Commanding the expansive ceiling of the 33rd Street Midblock Entrance Hall, Kehinde Wiley’s hand-painted glass triptych celebrates the vibrancy and virtuosity of bodies in motion at monumental scale. Go is an exuberant depiction of young, Black New Yorkers in poses drawn from breakdance, the modern dance style, which originated on the streets of New York during the 1960s and 70s among African American and Latino youth. Wiley draws on the classical European tradition of frescoed ceilings, using a pronounced foreshortening technique (often associated with 18th century master Giovanni Battista Tiepolo) to create the impression of figures ascending to the heavens above. He captures them mid-gesture, against billowing clouds in a brilliant blue sky, lunging and twisting in poses that embody the combination of precision, athleticism, and expression inherent to this acrobatic style of performance. Wiley casts his subjects in roles traditionally reserved for saints and angels, depicting them instead as unique individuals attired in their regular streetwear. These contemporary avatars of the sublime are awesome in their gravity-defying abilities, yet familiar to any subway rider; an image of joy at the intersection of the epic and the intimate. Go extends the metaphorical language of light and divinity to reveal the talent, beauty, and power of Black bodies. Translating the urban environment into a celestial dreamscape, Wiley communicates an optimistic spirit of buoyancy, possibility, and survival.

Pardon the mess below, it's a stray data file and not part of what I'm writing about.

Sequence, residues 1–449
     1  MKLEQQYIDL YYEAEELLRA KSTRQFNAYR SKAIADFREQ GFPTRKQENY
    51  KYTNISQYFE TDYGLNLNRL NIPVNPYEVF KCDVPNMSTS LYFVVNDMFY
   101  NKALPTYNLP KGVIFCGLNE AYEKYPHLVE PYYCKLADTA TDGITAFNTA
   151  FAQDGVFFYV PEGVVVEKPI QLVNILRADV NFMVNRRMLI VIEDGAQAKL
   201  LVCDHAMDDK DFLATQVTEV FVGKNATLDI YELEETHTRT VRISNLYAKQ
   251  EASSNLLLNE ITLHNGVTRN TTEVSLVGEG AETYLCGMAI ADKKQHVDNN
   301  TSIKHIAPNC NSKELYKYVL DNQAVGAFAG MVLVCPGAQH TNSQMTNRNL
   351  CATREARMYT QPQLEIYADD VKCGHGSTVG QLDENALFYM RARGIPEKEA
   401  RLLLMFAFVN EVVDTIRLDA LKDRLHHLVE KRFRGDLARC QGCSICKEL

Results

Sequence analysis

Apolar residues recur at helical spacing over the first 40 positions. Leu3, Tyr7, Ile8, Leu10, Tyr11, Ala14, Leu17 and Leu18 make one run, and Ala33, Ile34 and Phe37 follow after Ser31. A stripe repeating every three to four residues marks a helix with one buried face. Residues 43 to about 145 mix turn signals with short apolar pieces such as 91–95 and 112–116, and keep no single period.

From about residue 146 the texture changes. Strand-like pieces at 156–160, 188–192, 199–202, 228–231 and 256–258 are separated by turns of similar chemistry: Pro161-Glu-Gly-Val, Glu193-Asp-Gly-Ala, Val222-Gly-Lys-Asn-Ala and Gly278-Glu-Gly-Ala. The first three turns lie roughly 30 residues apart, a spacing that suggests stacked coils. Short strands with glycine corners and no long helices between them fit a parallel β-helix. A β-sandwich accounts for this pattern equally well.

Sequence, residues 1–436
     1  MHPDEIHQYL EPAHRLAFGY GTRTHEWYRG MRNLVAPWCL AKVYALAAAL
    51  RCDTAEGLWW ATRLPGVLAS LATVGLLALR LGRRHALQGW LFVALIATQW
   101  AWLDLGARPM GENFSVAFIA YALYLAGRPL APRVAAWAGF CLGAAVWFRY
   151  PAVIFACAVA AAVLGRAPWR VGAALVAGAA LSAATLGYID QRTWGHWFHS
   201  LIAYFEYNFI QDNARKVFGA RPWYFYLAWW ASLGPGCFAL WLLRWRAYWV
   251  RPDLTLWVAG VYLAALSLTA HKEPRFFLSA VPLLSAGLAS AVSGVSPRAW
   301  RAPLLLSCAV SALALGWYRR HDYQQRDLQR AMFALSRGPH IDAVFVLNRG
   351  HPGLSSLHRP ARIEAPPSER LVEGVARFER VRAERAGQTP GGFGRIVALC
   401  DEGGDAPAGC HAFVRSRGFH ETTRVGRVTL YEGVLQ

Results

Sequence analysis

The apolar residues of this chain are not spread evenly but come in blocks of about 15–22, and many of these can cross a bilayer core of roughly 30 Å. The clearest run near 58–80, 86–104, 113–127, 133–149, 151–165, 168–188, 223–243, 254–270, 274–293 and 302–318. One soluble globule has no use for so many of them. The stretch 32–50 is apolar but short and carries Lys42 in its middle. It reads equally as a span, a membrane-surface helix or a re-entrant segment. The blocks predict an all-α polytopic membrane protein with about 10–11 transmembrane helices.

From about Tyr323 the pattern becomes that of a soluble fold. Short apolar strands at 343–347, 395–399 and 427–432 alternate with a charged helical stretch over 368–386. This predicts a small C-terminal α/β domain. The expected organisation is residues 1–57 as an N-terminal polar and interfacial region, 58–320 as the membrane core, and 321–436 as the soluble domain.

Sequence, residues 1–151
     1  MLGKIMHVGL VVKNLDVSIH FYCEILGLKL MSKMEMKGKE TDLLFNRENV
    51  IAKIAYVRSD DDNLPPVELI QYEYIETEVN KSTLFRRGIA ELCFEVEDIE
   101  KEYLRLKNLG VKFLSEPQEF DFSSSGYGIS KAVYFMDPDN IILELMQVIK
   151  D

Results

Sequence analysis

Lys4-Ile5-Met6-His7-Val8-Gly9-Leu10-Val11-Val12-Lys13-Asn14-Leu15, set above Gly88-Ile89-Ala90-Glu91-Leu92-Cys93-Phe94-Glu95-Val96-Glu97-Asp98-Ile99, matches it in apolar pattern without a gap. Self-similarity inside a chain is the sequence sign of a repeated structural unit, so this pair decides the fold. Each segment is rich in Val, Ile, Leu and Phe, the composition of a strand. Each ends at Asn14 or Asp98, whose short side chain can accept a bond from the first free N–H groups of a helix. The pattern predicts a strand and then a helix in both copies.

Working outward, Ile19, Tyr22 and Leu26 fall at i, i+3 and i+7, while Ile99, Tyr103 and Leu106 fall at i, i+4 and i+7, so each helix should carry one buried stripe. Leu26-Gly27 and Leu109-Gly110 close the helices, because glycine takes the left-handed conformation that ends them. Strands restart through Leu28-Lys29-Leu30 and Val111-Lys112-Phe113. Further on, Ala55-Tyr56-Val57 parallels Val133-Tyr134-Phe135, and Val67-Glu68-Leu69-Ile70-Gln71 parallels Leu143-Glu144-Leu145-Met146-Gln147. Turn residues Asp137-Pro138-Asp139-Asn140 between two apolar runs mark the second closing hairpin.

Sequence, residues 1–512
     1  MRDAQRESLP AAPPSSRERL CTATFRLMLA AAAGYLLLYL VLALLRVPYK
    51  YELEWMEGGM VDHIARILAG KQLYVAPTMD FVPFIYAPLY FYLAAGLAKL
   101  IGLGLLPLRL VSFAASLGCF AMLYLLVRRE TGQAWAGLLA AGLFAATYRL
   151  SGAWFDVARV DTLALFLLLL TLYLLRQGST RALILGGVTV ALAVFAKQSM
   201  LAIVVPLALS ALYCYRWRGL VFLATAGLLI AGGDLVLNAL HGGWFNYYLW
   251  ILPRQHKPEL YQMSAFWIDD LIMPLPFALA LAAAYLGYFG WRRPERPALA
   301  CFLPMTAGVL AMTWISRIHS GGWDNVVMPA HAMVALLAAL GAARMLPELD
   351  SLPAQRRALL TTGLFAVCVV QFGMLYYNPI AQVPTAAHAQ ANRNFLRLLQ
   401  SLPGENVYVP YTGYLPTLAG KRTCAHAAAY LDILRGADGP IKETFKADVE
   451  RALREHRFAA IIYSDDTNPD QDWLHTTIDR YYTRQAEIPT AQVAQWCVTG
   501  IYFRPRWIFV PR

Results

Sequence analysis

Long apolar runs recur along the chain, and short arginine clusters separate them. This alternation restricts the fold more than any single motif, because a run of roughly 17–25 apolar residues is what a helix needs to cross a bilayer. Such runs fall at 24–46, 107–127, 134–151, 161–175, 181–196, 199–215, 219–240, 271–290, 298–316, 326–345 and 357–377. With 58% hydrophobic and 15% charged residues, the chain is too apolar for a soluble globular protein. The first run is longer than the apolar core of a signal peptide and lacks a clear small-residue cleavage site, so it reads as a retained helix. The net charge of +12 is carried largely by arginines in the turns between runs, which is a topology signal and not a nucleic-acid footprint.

Over the last two decades, Kehinde Wiley has gained recognition for his highly naturalistic paintings of Black and Brown people in poses and formats drawn from the Western art historical canon. He has often invited young people he encounters in urban centers around the world to embody a pose of their choosing from the portraits of European old masters, underscoring complicated and enduring socio-political histories that have determined the exclusion of people of color from much of art history. In recent years, Wiley has expanded his practice to the genres of statuary and public monument as well as the medium of stained glass. The three-part, backlit work responds astutely to its architectural context, echoing Moynihan Train Hall’s skylights and incorporating details of the ornamental ironwork from the building’s façade into the elaborate molding that frames the composition. Go is his first permanent, site-specific installation in glass.